Questionnaire Design

An online questionnaire was designed and administered via online platforms in two stages. The first stage was maritime workers who were classified as essential workers during the pandemic in Nigeria using a Google form. The second stage consisted of maritime workers in the UK. The maritime workers were informed about the purpose of the study and their consents were sought. Prior to the administration of the questionnaire to the respondents, ethical approval was sought from the Institutional Review Board (IRB) of the Nigerian Institute of Medical Research (NIMR). Maritime workers that were not willing to be part of the study were allowed not to consent. The questionnaires were administered to 100 maritime workers who agreed that the details of the questionnaire can be shared. The survey instruments were left open for two weeks and participants were informed that they could withdraw their data from the study at any time within two weeks of participation; after that period, it would potentially not be possible to withdraw information, as analysis may have begun. Participants did not have to provide reasons for withdrawing.

4. Data Analysis and Results

This section deals with the data analysis and results of the study. The categorical variables were statistically described using measures such as frequency distribution, mean and the standard deviations for socio-demographic data of the respondents. A multiple logistic regression analysis was done to analyse the results of the two groups with three explanatory variables, named as gender, residence and age. The odds ratio was used in the interpretation of the logistic regression model outputs. The results in Tables 1-3 represent the socio-demographic characteristics of maritime workers in Nigeria and the UK, the participants’ knowledge of COVID-19 and the perceived risk of transmission.

4.1. Description of the Participants

A total of 100 participants completed the survey; 66 were women, 34 were men, and the average age was 39.5 years (SD ± 3.3). Sixty per cent of the participants were from Nigeria, while 40% were from the UK. A significant proportion of the participants (86%) were maritime workers of varying staff categories, while only 14% were seafarers.

4.2. Knowledge of Maritime Workers and Perceived Risk of Transmission of COVID-19

About 57% of the participants in Nigeria and 37% of those in the UK had heard about the novel coronavirus at the time this study was conducted. Few of the participants (35.0%) in Nigeria and the UK (47.5%) had attended lectures and discussions about the novel coronavirus. Most of the participants from Nigeria and the UK had knowledge about COVID-19 symptoms and how to reduce the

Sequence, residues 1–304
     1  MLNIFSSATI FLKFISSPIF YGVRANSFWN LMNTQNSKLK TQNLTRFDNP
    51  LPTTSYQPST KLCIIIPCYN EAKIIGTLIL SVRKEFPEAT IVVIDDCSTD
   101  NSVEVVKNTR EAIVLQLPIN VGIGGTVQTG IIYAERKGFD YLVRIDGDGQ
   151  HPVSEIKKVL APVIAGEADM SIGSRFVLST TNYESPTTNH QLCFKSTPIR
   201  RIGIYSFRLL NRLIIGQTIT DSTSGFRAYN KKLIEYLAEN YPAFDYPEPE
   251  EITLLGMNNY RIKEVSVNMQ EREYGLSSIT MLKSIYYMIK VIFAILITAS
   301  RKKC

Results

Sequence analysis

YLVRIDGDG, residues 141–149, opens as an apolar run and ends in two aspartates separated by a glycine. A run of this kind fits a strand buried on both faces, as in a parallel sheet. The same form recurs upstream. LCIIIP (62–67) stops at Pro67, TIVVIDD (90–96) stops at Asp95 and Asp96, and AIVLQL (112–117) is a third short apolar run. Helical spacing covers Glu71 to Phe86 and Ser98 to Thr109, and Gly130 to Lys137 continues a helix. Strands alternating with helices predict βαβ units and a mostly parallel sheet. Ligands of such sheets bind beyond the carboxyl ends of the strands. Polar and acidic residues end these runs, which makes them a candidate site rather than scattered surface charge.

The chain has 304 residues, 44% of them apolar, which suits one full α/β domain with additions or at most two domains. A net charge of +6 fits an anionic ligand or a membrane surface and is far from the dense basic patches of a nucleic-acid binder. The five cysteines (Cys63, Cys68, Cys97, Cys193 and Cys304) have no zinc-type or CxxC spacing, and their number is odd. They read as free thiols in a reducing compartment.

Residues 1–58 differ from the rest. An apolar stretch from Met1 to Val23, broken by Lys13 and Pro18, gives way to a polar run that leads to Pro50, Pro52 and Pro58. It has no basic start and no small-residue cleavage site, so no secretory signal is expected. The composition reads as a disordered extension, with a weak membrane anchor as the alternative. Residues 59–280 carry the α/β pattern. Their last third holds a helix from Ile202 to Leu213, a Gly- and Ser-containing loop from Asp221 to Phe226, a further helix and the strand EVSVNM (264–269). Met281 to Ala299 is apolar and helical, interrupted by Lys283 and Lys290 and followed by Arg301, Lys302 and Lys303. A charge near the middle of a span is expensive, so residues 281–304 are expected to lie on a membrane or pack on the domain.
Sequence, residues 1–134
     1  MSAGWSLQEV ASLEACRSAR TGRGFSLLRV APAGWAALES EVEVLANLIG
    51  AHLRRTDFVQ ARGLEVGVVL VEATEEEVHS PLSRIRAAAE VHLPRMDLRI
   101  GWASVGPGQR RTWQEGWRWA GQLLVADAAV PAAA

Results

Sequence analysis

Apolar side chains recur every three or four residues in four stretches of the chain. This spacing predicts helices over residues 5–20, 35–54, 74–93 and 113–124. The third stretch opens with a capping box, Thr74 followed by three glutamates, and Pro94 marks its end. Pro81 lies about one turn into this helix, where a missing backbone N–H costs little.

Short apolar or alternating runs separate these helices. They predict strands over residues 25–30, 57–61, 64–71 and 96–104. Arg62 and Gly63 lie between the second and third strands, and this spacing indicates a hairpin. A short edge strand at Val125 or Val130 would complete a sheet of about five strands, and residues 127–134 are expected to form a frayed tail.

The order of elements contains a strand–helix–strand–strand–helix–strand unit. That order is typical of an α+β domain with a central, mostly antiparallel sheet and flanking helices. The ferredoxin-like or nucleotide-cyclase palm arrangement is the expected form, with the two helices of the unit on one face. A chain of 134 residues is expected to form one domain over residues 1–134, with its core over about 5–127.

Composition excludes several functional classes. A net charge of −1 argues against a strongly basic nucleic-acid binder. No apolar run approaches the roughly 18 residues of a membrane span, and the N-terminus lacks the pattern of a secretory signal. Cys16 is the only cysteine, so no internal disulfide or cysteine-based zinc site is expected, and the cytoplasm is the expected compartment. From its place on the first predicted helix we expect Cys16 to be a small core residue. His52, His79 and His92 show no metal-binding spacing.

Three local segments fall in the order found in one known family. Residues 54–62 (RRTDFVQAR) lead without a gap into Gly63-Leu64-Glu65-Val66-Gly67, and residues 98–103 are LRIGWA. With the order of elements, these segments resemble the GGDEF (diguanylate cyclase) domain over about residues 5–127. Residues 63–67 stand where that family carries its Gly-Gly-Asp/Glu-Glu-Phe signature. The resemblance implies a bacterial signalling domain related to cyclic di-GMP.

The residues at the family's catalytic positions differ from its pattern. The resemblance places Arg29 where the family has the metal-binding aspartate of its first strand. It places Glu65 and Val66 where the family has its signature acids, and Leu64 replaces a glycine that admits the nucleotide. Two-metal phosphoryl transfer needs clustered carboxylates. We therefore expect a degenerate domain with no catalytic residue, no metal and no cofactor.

Table 1. Socio-demographic characteristics of respondents (N = 100).

Table 2. Participants’ knowledge of COVID-19 (N= 100).

Table 3. Perceived risk of transmission from COVID-19 (N = 100).

risk of transmission, as provided in Table 2. The participants in Nigeria agreed that most people at risk of being infected with COVID-19 included pregnant women (5.0%), patients on steroids (1.67%), older people (50.0%), healthcare workers (23.33%), airport workers (8.33%), seafarers (6.67%) and co-morbid and immunocompromised patients (16.67%), while 45.0% of the participants believed that all these categories were the people most at risk of a COVID-19 infection. The participants in the UK agreed that most people at risk of contracting COVID-19 included pregnant women (5.0%), older people (35.0%), healthcare workers (25.0%) and co-morbid and immunocompromised patients (22.50%), while 12.5% of them believed all these categories were the people most at risk to contract COVID-19. Most of the participants responded that if they were captains/sailors, they would try to reject navigating a cruise ship with people having Asian-sounding names to reduce the risk of contracting the virus. The responses from Nigerian participants in the following categories were “always” (20.69%), “often” (15.52%), “sometimes” (36.21%) and “never” (27.59%). Regarding the UK, the responses were “always” (21.05%), “often” (15.79%), “sometimes” (23.68%) and “never” (39.47). At the time this study was carried out, the participants from Nigeria (50.85%) and the UK (50.0%) agreed that it would be prudent for them not to eat at Chinese restaurants for the next few weeks to reduce the risk of getting infected with the new coronavirus. These results are provided in Table 2.